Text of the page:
Reusing rainwater for outdoor watering and landscaping

SAN DIEGO (KUSI) – Rainwater harvesting, the concept is simple: Don’t let the water sent by Mother Nature go to waste. Every rain drop collected in a barrel or cistern offers another way to help beat the drought.

Audrey Wilmot doesn’t mind the rain, even when it’s raining buckets because in the backyard of her home in El Cajon, she’s collecting the rainwater.

As cities and water districts around the state ask people to conserve, Wilmot said she’ll be able to put this water to good use.

Dr. Michael Dettinger is with the Scripps Institution of Oceanography. He said reusing rainwater brings obvious benefits.

“Frankly, you end up paying for less water on your utility bill, so why no do it?” he said.

By capturing the rainwater that falls on the roof, homeowners can reduce the amount of storm water that runs into rivers and the ocean.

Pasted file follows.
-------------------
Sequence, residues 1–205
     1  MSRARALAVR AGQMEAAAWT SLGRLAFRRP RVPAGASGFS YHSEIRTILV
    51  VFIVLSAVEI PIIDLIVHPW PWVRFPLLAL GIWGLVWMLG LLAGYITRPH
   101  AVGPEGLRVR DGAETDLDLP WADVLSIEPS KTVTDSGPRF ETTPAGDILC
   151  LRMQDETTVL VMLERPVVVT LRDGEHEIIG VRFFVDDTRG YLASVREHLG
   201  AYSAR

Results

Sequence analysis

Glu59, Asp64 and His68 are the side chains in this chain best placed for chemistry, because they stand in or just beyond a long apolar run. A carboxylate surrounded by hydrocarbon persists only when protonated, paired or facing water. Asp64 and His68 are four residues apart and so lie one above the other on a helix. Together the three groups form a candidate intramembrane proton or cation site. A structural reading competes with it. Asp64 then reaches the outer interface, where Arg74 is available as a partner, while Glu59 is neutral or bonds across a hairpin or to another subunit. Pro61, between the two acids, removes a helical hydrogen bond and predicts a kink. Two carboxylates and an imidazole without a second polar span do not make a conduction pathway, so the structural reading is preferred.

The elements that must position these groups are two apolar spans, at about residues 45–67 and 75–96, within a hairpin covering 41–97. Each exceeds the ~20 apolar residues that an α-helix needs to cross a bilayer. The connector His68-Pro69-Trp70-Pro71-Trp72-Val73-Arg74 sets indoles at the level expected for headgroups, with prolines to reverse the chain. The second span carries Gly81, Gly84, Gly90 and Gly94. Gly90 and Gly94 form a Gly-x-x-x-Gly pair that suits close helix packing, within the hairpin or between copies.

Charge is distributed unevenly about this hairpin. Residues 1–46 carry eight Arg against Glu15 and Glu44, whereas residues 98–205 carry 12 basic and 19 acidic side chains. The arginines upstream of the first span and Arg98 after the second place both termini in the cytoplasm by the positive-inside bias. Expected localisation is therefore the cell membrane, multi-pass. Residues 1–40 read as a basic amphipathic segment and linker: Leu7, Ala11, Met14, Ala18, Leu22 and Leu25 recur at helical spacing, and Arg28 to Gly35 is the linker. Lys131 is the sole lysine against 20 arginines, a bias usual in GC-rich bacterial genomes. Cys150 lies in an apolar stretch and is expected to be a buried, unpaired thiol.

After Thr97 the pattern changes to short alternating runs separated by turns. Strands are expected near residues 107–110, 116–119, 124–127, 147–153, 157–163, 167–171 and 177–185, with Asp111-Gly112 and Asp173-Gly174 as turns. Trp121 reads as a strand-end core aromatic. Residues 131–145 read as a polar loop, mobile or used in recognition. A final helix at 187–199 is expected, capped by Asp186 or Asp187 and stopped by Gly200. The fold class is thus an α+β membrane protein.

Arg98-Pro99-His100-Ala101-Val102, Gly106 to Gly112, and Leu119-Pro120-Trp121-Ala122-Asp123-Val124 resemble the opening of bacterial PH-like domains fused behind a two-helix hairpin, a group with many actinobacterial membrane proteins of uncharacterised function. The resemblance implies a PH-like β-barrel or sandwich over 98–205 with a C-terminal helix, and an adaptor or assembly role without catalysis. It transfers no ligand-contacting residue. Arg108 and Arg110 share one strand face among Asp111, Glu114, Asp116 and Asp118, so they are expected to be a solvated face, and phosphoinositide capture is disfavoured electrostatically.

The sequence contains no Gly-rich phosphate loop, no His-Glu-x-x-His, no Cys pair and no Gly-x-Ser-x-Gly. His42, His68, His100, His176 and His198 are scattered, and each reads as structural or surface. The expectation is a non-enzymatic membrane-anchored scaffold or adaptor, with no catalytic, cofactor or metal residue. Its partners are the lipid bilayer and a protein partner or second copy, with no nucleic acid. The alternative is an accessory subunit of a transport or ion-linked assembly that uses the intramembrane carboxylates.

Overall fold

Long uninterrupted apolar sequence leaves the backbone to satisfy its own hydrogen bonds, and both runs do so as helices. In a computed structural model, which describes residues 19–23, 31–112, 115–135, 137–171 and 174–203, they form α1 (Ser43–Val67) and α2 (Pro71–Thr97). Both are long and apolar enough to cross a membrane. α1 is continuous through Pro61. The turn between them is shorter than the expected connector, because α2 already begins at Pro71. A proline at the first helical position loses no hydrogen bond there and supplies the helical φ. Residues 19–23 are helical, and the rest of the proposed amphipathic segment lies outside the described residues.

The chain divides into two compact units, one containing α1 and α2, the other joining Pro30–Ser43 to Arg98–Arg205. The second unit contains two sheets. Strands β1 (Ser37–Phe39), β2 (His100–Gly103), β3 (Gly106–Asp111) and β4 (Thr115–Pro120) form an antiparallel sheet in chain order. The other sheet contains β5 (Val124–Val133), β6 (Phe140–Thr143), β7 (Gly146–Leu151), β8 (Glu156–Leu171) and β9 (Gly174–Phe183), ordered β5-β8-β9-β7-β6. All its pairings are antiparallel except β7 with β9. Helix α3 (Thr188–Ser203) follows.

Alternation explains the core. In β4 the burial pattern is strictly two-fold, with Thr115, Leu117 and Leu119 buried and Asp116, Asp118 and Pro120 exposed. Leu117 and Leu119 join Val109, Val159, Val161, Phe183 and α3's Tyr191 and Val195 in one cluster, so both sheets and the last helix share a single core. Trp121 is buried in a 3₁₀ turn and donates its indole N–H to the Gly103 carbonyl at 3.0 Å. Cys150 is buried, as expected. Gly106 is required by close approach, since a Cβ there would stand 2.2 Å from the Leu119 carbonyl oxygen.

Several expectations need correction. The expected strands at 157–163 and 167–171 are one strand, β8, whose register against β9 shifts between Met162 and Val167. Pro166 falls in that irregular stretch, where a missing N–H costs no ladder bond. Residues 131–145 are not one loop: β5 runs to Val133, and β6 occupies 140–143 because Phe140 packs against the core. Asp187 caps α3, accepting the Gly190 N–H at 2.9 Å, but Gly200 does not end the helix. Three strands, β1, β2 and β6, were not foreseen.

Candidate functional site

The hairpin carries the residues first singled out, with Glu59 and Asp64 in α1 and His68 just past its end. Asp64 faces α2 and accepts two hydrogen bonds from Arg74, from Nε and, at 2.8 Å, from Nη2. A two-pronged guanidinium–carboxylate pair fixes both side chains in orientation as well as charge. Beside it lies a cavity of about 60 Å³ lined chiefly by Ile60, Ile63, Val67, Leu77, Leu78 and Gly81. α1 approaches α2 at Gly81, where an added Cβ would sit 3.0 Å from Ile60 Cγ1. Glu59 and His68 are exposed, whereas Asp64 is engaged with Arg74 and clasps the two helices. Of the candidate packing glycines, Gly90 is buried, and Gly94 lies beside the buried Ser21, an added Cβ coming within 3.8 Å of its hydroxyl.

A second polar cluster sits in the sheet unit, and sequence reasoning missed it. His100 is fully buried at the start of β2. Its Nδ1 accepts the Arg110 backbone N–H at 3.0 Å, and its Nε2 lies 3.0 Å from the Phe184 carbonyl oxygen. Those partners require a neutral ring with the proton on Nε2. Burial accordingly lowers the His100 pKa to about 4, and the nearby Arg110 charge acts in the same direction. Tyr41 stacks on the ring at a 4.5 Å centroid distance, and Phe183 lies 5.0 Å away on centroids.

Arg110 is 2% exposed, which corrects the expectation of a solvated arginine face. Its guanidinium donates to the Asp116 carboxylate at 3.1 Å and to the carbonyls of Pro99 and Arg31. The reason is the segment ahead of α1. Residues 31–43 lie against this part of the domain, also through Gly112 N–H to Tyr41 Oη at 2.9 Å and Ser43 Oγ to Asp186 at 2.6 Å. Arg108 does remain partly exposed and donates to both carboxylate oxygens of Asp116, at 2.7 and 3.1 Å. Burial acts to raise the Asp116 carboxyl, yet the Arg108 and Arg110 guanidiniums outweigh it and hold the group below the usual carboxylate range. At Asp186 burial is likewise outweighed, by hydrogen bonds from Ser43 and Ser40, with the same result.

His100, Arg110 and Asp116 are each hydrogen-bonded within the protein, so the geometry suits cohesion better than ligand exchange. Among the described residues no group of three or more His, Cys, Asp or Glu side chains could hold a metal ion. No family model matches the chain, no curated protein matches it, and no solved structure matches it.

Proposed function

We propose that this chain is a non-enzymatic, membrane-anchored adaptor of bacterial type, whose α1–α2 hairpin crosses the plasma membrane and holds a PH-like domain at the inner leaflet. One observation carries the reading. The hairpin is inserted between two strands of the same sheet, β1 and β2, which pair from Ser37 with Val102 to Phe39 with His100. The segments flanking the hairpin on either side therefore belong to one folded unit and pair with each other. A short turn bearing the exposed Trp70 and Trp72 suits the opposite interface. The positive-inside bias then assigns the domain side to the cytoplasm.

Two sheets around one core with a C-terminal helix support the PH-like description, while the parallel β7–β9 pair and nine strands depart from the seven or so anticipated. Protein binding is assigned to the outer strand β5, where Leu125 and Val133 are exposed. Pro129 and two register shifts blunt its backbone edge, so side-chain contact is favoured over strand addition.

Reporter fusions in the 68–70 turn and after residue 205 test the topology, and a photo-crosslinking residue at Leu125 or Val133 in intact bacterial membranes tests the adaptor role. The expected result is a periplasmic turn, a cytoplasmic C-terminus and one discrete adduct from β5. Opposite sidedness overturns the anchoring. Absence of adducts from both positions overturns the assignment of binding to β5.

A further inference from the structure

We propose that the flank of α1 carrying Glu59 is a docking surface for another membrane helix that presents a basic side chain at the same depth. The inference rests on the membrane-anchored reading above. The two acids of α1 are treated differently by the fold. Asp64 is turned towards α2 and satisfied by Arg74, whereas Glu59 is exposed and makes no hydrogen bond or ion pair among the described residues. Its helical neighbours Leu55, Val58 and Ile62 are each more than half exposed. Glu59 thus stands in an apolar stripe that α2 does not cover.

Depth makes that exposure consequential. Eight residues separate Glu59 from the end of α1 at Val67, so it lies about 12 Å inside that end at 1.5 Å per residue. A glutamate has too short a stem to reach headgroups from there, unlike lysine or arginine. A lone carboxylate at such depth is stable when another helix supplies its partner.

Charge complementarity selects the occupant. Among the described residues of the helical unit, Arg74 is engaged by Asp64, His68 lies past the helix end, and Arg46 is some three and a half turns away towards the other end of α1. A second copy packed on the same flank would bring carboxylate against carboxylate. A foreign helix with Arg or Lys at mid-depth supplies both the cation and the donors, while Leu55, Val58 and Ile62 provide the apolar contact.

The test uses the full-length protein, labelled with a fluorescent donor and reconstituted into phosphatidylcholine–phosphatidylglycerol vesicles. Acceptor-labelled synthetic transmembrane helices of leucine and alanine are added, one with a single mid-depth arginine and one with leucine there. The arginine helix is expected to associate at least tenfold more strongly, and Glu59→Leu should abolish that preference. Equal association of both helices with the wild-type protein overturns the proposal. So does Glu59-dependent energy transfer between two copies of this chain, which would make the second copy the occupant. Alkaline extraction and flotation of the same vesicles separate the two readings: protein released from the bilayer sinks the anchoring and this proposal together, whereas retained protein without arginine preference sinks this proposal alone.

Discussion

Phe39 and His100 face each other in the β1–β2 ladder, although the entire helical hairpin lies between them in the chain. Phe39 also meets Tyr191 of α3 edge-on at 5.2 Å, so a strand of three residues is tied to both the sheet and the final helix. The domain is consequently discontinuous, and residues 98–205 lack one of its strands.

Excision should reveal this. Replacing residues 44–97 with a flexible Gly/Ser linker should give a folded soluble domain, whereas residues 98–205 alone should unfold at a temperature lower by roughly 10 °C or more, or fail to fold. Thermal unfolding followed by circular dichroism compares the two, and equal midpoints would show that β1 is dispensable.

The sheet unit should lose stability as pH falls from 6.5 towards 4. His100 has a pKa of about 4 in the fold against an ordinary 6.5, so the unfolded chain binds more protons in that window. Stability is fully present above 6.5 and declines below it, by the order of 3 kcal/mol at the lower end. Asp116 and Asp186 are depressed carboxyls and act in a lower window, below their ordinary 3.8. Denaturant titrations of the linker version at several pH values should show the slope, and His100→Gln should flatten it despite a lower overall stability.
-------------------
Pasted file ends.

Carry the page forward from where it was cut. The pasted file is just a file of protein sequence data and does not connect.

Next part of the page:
That can help to keep more contaminants and toxic chemicals out of the waterways.

Even with just a little rain, the benefits can be surprising.

With one-inch of rain falling on one-square foot of a roof, a little more than half a gallon of water will be collected, six-tenths of a gallon to be precise.

So in a sense, with a ten-by-ten foot shed and one inch of rain, 60 gallons of water could be collected.

That’s enough to fill up an entire rain barrel, being sold at Dixieline Lumber in Kearny Mesa.

Andy Sotello, a supervisor at Dixieline Lumber said the rain barrels are simple to install.

“You need a drill. That’s basically all you need and then you collect about 60 gallons of water and you can use that water for whatever you like,” he said.

Both the City of San Diego and the County Water Authority will pay consumers a rebate if they invest in a rain barrel.

The County Water Authority offers rebates starting at $75 dollars a barrel.

Council member Todd Gloria said the City of San Diego will pay consumers a dollar for every gallon of rain barrel storage to a maximum of $400.

A typical household will use more that 50 percent of its water on landscaping and lawns, so using recycled water there can really help.

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